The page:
GSA Annual Meeting in Seattle, Washington, USA - 2017

Paper No. 240-5
Presentation Time: 2:35 PM


WILKINS, David, Department of Geosciences, Boise State University, 1910 University Drive, Boise, ID 83725 and BUSACCA, Alan, Vinitas Vineyard Consultants, LLC, PO Box 274, Bingen, WA 98605,

The Sunnyslope District (District) of the Snake River Valley Appellation is the focus of wine grape production in Idaho. The District covers roughly 4,000 ha of the interfluve between the Snake and Boise rivers to the west and southwest of the city of Boise, with approximately 430 ha under vine. The District has varied physiographies including exposed Plio-Pleistocene-aged lake deposits, remnant Pleistocene-aged river terraces and volcanics, and Bonneville flood deposits. In 2014, we initiated a study of the District’s terroir that focused on the soils and climate at 10 vineyard site. Eight of the ten vineyard sites are within a 5.5 km radius and so present an opportunity to examine how terroir factors vary over short distances. Soil pits were dug at 17 locations, and 10 weather and soil moisture stations were established. Here we present data and observations that show how slope, aspect, elevation, and distance from the Snake River may be factors in distinguishing between the vineyard sites.

Soils are all Entisols or Aridisols, dominated by sand, sandy loam, or loamy sand, and are well to exceptionally-well drained. Profiles and parent materials are split evenly between soils with simple profiles and single parent material, soils having buried and sometimes restrictive horizons, and soils with strongly contrasting, and sometimes cobbly, layered parent materials. Soils with simple profiles tend to occupy lower elevation sites while sites with buried or more complex layering are higher up the interfluve. Sites that are lower in elevation are also typically cooler (fewer growing degree days). The instrumentation also revealed differences between sites with respect to cold damage vulnerability - this difference is attributable to differences in potential for cold air to drain from vineyard sites. The winter of 2016-17 in the District was extreme by all measures, breaking records for snow on the ground as well as near record low temperatures. Sites that had both higher gradient slopes and space to accommodate cold air drainage recorded less extreme cold temperatures (-26°C) than sites with no to low gradient slopes with no space to accommodate cold air drainage (-31°C). Differences between sites provide data that, in future plantings, may inform selection of cultivar choice to fit the characteristics of the vineyard.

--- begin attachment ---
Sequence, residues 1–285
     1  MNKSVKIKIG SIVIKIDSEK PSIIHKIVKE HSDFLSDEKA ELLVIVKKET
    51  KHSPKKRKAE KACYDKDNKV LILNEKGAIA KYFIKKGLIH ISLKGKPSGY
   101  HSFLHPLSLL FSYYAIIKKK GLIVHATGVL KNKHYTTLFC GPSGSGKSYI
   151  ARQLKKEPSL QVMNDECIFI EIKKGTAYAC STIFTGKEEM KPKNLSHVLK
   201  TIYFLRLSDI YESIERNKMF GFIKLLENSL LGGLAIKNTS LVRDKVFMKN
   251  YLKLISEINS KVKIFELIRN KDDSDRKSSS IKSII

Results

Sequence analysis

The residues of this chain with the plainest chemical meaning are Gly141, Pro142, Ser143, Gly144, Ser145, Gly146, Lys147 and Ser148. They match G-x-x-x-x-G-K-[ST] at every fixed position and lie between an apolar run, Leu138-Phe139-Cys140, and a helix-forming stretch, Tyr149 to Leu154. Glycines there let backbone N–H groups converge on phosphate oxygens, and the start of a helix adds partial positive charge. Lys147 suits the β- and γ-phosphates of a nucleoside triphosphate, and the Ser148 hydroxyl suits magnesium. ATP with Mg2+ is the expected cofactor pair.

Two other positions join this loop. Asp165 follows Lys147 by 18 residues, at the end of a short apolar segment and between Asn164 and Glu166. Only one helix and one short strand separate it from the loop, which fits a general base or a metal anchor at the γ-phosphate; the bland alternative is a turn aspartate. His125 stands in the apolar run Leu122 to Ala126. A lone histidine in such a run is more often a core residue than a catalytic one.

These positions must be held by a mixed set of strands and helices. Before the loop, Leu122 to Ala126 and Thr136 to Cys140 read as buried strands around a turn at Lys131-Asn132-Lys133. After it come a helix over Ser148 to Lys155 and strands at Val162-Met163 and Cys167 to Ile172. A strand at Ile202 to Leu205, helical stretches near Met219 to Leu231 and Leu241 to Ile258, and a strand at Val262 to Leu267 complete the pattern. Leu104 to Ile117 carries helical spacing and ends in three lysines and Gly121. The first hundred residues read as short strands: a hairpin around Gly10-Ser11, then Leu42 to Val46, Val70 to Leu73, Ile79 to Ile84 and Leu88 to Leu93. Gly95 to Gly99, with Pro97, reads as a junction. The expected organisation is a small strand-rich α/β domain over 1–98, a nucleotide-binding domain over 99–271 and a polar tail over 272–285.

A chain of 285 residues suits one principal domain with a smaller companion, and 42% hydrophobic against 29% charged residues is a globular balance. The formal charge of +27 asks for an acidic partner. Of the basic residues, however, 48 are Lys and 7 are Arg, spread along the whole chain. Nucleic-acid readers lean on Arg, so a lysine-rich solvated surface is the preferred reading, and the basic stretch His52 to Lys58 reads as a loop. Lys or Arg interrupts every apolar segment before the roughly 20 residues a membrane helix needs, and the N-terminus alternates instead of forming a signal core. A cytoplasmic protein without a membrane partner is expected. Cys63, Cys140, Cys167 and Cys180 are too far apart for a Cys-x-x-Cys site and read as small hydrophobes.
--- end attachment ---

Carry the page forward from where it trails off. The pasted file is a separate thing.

• Wilkins - Busacca GSA 2017.pptx (34.0 MB)